Come morning, it can be a little strenuous to drag yourself out of bed, so best start with a lo-fi malted milk soft-serve with chocolate fudge sauce down by the canal at Towpath Cafe during the summer while you watch the barges choof by. Monty's Deli offers up Jewish diner vibes year-round, complete with chocolate egg creams, Russian salad and matzo ball soup. If you fell in love with Arnold Circus, the leafy little area where Leila's operates, head back and have lunch at Rochelle Canteen. Run by Fergus Henderson's wife Margot and her business partner Melanie Arnold, it's in an old school-cum-creative precinct. The menu follows a fairly steady rule of no more than three things on the plate, cooked simply, with seasonality in mind. Here's to ham hock, runner beans, onions, and a glass of bandol in the front garden. Now, easing seamlessly from one meal to the next without putting down a glass is a wonderful thing, but if you can handle a dry six-minute walk, you're a two-step from chef Isaac Hayes' Clove Club, its excellent front bar and even more excellent restaurant. Settle in for an afternoon shandy before an early evening reservation and some roast Cornish pollock.
A good caff where the spoon sticks up in your mug of tea and everything comes with chips is a thing of real beauty, and a vital part of the city's make-up. But if that's not your style, check out the Blue Legume, where breakfast is a little more of your flat white and hotcakes affair. The real joy of a London Sunday is a lazy snack-and-drink crawl. Start at Brawn for a glass of something natural with a bit of funk on it and maybe a plate of cured meats, then make for Morito, Hackney Road. It's here that Sam and Sam Clark (of Moro fame) deliver grilled stone fruits hiding under ribbons of cured ham and their spin on fattoush in a sun-drenched room, where the pressed metal bar takes pride of place. Prop an elbow and let them do the rest. And since you're out, your proud, and you're drinking wine, stop down the road from Morito at Sager + Wilde. Hungry for more? Their Paradise Row digs offer a proper dinner menu including the excellent "nduja laced taglierini with creme fraiche.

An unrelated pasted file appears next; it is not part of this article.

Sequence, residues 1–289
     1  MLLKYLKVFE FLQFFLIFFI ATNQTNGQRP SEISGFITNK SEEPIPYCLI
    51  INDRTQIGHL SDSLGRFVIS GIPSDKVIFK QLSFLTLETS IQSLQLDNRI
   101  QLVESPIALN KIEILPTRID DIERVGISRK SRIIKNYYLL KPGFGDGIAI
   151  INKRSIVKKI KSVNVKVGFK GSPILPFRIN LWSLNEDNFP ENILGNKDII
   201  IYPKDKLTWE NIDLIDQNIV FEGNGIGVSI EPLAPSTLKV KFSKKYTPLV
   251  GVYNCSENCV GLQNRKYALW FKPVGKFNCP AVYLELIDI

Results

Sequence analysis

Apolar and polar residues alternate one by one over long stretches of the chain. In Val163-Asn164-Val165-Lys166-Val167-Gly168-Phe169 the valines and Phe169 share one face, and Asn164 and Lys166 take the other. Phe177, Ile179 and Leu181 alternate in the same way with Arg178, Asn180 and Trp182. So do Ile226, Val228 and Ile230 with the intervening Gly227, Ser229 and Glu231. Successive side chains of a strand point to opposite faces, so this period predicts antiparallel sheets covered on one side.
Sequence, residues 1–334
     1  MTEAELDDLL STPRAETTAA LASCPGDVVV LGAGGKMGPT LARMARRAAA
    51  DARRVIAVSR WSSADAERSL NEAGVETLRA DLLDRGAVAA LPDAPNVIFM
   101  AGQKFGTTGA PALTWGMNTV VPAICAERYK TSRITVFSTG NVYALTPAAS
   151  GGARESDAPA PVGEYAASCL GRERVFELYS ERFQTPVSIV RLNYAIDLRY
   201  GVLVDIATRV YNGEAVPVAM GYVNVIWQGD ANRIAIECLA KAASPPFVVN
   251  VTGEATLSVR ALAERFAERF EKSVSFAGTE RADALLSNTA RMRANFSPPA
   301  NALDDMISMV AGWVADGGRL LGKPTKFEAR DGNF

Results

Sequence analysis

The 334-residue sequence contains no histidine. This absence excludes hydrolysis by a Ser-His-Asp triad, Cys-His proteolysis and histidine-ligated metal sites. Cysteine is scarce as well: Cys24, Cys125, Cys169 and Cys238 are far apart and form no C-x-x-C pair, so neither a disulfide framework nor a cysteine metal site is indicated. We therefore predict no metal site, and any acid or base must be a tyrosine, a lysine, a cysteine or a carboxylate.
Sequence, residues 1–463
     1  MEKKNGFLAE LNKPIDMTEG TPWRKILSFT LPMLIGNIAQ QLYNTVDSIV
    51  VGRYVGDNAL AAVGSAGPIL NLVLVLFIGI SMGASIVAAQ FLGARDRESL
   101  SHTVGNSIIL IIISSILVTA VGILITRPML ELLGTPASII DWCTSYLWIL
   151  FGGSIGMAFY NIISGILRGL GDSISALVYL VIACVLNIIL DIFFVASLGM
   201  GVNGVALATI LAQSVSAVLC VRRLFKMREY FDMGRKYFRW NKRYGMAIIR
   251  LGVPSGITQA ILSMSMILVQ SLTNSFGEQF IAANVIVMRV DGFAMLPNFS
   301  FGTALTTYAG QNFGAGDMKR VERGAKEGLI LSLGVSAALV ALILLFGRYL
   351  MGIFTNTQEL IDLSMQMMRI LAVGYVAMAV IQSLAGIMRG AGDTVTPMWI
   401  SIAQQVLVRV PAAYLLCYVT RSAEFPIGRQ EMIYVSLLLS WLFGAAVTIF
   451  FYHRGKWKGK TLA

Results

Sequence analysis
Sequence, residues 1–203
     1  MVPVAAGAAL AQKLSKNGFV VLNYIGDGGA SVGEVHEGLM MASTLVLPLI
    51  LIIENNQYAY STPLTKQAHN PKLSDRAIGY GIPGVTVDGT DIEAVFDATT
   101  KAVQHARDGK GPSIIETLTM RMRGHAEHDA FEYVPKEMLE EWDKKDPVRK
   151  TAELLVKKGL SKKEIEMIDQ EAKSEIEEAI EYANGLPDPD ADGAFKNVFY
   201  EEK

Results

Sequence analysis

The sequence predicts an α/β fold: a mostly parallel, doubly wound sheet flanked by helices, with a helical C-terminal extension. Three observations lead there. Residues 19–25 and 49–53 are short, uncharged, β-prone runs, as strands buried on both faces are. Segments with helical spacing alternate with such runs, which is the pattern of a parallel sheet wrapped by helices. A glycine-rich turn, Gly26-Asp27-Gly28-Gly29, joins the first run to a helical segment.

East London: magical, mystical and altogether more delicious than ever. Innit.
Where to go
The Blue Legume 101 Stoke Newington Church Street, Stoke Newington
Brawn 49 Columbia Rd, Bethnal Green
Clove Club Shoreditch Town Hall, 380 Old Street, Shoreditch
Leila's Shop 15-17 Calvert Avenue, Arnold Circus, Shoreditch
Lyle's Tea Building, 56 Shoreditch High Street, Shoreditch
Monty's Deli 227-229 Hoxton Street, Hoxton
Morito, Hackney Road 195 Hackney Road, Hackney
Rochelle Canteen Rochelle School, Arnold Circus, Shoreditch
Sager + Wilde Arch, 250 Paradise Row and 193 Hackney Road, Hackney
St John Bread and Wine 94-96 Commercial Street, Spitalfields
Towpath (summer only) 42 De Beauvoir Crescent, De Beauvoir Town
Taberna do Mercado Old Spitalfields Market, E1
Myffy Rigby travelled to London as a guest of Jack's Creek